with his amazing grace on this mission trip. This wonderful visit to the dormitory convinced me even more that we were meant to start our own, but how? Little did I know that God had planned more surprises for us. On the last day, as Flo, Sharon, Kai and myself were relaxing in one of our favorite rooftop cafés, Isaac our translator who was with us during the dormitory visits casually mentioned that he himself had previously run and managed such a dorm for his local church.  That immediately caught my attention and I was reminded of our attempt to start a dormitory project back in 2009. As I talked with Isaac and learned about his experiences, I felt that God was saying in my heart that he is the partner that we have been waiting for!  What a Kairos moment! The more I listened to Isaac, the more I was certain he was the missing link.  Isaac has been our translator for each of our mission trips to Cambodia since we started back in 2008.   He currently works as a project manager at an International NGO, and his experience there would be very useful for the dormitory project too! How perfect! As I shared about our proposed plan to start a dormitory, I saw that his eyes were also awakened to this possibility!  Soon he suggested that we should also meet and speak with his brother, Aaron, who had just completed YWAM Disciple Training School training and was also passionate about student ministry! What perfect connection and timing! Isaac then called up his brother and within thirty minutes, we were able to meet with him and all of us were able to share our thoughts on this project. At the end of our very impromptu and spontaneous meeting, we were all in agreement to start a new Christian dormitory in Phnom Penh! Hallelujah! Our prayers from 2009 have been answered one year later, and our partner is none other than our trusted friend and translator Isaac, whom we have known for three years now. 

“At the end of our very impromptu and spontaneous meeting, we were all in agreement on starting a new Christian dormitory in Phnom Penh!”

New Frontiers
As of today, we are still in the planning stages of the project.  Isaac and Aaron are currently busy looking at possible areas, dormitory sites and preparing a proposal and budget. On our end in HK, we have looked at possible funding options to sponsor this project for at least 3 years.   We have also been doing research on the different models of operating a Christian dormitory by speaking to other organizations who have done the same.  It has truly been a thrilling journey for Kairos Fellowship, as we waited upon the Lord to show us the right time and place for us to start this project. For Cambodian universities, new term will start in October, so that is our timeline.  Please pray for us and join us in this wonderful opportunity to touch and influence the lives of the next generation of leaders of Cambodia! Glory to God!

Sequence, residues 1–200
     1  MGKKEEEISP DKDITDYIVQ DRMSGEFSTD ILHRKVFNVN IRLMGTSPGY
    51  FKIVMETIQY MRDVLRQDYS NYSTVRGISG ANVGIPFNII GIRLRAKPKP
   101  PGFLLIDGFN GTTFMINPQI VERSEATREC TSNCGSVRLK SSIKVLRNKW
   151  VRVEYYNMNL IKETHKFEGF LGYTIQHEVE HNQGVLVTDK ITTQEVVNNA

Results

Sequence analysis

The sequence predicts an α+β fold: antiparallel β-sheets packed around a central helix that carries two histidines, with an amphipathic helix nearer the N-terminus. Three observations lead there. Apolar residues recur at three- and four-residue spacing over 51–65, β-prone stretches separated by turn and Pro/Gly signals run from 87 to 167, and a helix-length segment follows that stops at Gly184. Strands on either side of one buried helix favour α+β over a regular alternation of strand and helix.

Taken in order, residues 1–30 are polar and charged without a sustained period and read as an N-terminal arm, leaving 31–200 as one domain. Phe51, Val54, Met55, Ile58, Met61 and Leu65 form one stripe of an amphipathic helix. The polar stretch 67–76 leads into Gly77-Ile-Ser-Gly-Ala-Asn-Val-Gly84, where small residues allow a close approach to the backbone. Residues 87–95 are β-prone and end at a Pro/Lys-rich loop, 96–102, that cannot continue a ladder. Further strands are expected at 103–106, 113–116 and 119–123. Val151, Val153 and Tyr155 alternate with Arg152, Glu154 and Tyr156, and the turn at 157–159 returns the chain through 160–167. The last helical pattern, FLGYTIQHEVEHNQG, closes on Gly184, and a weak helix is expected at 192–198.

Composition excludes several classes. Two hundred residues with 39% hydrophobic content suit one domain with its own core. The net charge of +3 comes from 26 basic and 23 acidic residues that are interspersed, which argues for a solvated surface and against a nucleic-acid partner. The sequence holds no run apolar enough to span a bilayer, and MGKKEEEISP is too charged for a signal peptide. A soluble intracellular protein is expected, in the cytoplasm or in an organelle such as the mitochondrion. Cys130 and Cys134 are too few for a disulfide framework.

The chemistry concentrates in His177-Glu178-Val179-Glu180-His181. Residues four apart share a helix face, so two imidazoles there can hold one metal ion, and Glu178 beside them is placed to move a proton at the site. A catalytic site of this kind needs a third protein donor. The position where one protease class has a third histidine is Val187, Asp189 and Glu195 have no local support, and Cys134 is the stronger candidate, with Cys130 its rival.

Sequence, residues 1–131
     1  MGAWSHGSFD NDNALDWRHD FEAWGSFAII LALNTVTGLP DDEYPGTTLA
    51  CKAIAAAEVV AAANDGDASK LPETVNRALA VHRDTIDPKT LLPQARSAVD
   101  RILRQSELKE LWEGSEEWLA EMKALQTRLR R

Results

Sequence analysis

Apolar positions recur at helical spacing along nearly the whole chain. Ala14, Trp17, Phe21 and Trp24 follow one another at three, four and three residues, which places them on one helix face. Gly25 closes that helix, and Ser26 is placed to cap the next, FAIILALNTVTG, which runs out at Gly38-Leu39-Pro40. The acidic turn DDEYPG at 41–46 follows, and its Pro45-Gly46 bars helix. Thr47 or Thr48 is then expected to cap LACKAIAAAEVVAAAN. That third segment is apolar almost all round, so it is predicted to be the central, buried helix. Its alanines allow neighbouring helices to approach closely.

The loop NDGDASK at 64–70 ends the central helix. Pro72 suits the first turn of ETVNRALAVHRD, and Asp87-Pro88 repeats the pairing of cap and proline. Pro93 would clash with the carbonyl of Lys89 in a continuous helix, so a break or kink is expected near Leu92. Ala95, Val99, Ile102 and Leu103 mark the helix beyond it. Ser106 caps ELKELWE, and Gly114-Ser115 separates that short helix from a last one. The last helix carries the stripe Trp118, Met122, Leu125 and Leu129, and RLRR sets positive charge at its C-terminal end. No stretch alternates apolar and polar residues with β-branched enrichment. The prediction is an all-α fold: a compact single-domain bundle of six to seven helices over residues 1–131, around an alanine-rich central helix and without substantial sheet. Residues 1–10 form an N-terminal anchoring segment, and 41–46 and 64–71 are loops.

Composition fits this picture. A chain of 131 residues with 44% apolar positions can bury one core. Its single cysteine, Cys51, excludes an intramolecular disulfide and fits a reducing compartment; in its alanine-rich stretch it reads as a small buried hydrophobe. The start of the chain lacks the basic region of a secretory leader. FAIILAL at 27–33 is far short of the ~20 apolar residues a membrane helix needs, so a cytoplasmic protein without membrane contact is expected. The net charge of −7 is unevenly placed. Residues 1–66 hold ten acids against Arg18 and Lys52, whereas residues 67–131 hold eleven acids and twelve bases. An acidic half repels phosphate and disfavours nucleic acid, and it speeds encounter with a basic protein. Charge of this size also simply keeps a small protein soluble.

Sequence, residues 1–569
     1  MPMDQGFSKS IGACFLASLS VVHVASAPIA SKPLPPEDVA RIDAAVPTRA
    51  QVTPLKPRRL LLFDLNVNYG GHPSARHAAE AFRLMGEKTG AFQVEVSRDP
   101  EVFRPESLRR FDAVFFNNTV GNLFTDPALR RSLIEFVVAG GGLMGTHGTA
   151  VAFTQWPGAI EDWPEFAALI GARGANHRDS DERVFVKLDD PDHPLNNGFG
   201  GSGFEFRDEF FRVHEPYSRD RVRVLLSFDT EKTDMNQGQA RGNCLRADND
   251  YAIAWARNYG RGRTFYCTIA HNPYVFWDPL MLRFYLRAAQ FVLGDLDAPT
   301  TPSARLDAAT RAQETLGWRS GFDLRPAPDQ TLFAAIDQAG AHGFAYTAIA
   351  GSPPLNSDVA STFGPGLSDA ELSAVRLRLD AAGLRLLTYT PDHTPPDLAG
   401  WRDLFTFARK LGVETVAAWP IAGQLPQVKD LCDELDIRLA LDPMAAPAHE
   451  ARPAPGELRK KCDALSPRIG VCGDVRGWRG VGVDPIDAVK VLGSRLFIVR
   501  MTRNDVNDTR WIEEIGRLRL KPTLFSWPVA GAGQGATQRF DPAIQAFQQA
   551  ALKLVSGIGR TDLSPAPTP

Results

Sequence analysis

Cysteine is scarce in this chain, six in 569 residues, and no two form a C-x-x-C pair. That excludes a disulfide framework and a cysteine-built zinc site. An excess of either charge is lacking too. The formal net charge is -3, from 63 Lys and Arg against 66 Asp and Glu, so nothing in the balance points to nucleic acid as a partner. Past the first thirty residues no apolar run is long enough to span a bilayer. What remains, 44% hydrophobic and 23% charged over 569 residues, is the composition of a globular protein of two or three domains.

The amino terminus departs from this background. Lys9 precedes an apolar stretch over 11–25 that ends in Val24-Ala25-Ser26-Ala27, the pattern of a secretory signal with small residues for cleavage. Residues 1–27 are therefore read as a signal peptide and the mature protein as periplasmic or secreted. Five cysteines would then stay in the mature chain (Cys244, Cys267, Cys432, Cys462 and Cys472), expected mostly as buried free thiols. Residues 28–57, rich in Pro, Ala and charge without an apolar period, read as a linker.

“It has truly been a thrilling journey for Kairos Fellowship, as we waited upon the Lord to show us the right time and place for us to start this project.”

New Frontiers
Mesang and Motorcycle Ministry
by Yee Kai Liow & Patrick Ngan "Valley of the Thieves”. That was the local name given to Mesang district, and when I first heard I must say the name really intrigued me. We first had contact with Mesang when we met some of the leaders of the Mesang house church. They attended some sessions lead by Pastor Albert in a training conference organised by Kairos Fellowship Hong Kong in May last year. And boy were they on fire!  We were just so encouraged by them.  Later, I would learn more about this small district in the south-eastern part of Prey Veng Province, Cambodia.  So when the opportunity to visit them during our mission trip arose, I just knew I had to go visit our brothers and sisters in this remote and notorious place. Mesang district is perhaps the most difficult part of Prey Veng to access.  The roads are not well developed, especially in the monsoon season, they are completely flooded.  The name "Valley of the Thieves" came about because not so many years ago Mesang was quite a lawless place.  Perhaps it is because of the fact that it is quite inaccessible, it became a place that was easy for thieves to flee to and hide from the law. As a result, the thieves would also rob and harass the villagers and farmers of Mesang and Mesang became a pretty dangerous and



unpleasant place to live.  Fortunately, that changed for the better when the government stepped in to provide more police in the district and today, Mesang is a thriving agricultural district.  However, it is still rarely visited by foreigners except for a few NGOs. It is also this fact that drew me to this place, a new frontier to explore. Our trip started early in the morning and it was decided we would travel by motorbikes due to the bad roads. There were four of us; Pat, Jessie, Sharon and myself. We kept the group small because riding on the back of a motorbike for 3 hours one way is not for everybody. The journey turned out to be really pleasant and scenic.  I guess riding on a bike, although not so comfortable, one gets to enjoy the cool wind blowing, the beautiful green paddy fields and animals happily grazing away. The roads though were as bumpy and cut up as we suspected, and our bums took a hammering! Soon we arrived at the Mesang house church where we were warmly greeted by Pastor Hin and his family, and a whole bunch of kids! The church is held in his own home, a large open house on stilts, and the children had already started arriving for Sunday school. We were provided with a quick early lunch as is the custom for visitors, and to our amazement, there was also some entertainment in the form of a blind musician playing a local Cambodian musical instrument that was very similar to a Chinese Erhu. We could not have asked for a